TravelInsurance.com outlines top points retirees should consider when planning a trip to ensure unexpected expenses are covered.
NEW YORK, Jan. 11, 2018 — TravelInsurance.com today outlined five key points retirees should consider in regard to travel insurance before they hit the road in the coming year.
“While travel can be complicated at any age, retirees are faced with additional considerations, especially when it comes to medical coverage,” said Stan Sandberg, co-founder of TravelInsurance.com. “There are not only ways to save on your next travel insurance policy, but also things to keep in mind to ensure you are taken care of under unforeseen circumstances.”
Here are five things retirees should consider when purchasing travel insurance:
Medicare doesn’t provide coverage outside the United States.
Health care received outside the U.S. is generally not covered under standard Medicare plans. Travel insurance can provide emergency travel medical coverage with limits that can reach $250,000 per person or more. For extreme situations where an overseas hospital can’t handle the emergency, most travel insurance plans offer Emergency Evacuation coverage with limits up to $1.0 million per person. Retirees planning to travel overseas multiple times a year should consider purchasing Medicare supplement insurance or a Medigap plan. However, since Medigap plans can have deductibles, lifetime coverage limits up to $50,000, and limits on the length of trip, most retiree travelers may find single-trip travel insurance a better option.
Purchase travel insurance early to qualify for a pre-existing condition waiver.
Most travel insurance plans will exclude coverage for losses that stem from a pre-existing condition. However, many plans offer a Pre-Existing Condition Exclusion Waiver (meaning pre-existing conditions will be covered). To qualify, one must meet certain requirements, the most important being to purchase the travel insurance plan within a strict time window – usually 7-21 days – from when the initial payment was made. Also, travelers typically need to insure 100% of their pre-paid and non-refundable trip costs. For travelers with pre-existing conditions, this is one of the most important considerations in purchasing a plan, as prior injuries, illnesses, diseases or other types of medical conditions in which any treatment or care was sought in the 6-12 month period prior to the policy effective date all fall into this category. We highly recommend travelers speak to a licensed agent to see if they qualify for a Pre-Existing Condition Waiver or read full coverage details prior to buying.
If you’re traveling with a group, you can save money with Group Travel Plans.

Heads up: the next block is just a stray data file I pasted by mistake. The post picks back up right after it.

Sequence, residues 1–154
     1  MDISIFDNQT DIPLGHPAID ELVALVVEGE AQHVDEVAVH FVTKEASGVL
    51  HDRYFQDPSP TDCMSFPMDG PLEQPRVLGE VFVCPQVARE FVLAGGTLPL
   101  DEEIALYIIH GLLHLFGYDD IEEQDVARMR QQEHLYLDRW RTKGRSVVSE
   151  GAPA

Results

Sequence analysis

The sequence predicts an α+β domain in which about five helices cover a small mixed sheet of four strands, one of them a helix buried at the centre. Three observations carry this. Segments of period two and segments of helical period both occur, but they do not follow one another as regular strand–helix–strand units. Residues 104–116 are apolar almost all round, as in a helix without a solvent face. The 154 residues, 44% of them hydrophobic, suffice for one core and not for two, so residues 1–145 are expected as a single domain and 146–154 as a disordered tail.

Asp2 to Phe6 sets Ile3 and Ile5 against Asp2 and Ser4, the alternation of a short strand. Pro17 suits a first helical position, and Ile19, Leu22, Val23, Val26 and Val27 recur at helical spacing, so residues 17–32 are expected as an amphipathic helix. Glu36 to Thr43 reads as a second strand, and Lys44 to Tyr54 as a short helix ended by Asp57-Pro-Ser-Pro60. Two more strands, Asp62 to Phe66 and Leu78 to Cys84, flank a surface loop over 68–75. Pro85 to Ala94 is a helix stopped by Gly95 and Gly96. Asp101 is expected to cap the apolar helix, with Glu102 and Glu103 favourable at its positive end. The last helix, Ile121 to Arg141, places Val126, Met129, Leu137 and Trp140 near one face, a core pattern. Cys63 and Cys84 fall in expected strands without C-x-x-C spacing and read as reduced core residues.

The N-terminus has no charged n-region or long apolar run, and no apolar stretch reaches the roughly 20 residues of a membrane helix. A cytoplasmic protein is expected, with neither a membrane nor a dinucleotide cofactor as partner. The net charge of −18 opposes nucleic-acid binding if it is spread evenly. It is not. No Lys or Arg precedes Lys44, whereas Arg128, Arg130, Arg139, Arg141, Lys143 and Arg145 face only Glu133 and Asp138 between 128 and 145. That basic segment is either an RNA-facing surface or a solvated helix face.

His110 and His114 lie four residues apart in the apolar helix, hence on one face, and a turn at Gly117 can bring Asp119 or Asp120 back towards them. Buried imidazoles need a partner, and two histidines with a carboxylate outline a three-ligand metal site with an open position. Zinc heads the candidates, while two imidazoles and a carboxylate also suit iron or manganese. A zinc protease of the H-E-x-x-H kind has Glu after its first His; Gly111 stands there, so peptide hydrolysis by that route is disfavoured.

Some Group Travel Plans do not factor in traveler ages when pricing the cost of travel insurance, which can make plans more affordable to older travelers. Typically, to qualify for this coverage, the group must include at least 10 individuals all traveling on the same itinerary on similar dates. Group plans are also designed for easy administration by a group leader who can manage sign-ups and changes on behalf of each individual.
Trip Cancellation provides greater flexibility for those who need it.
Unlike Medigap coverage, travel insurance can offer trip cancellation and interruption coverage. This coverage can cover the reimbursement of trip costs due to a range of unexpected circumstances, from last-minute illnesses to severe weather and natural disasters. For the most flexibility, travelers may consider purchasing a plan with a Cancel for Any Reason (CFAR) upgrade, which provides reimbursement for up to 75% of the total trip costs for a cancellation for any reason, as long as the cancellation occurs more than 48 hours prior to the trip departure date. This benefit is usually only available if the policy is purchased within 7-21 days of the initial trip payment and 100% of pre-paid and non-refundable trip costs are insured.
You can buy travel insurance for your activities, too.
Just because travelers are retired doesn’t mean they aren’t adventurous. For the active or adventure traveler, we recommend plans that offer Hazardous or Adventure Sports coverage, which provide coverage for higher risk activities, such as heli-skiing, off-trail snowboarding, bungee jumping, rock climbing or SCUBA diving below a certain depth. If travel entails any of those activities, travelers will need travel insurance plans that offers coverage for those specific activities.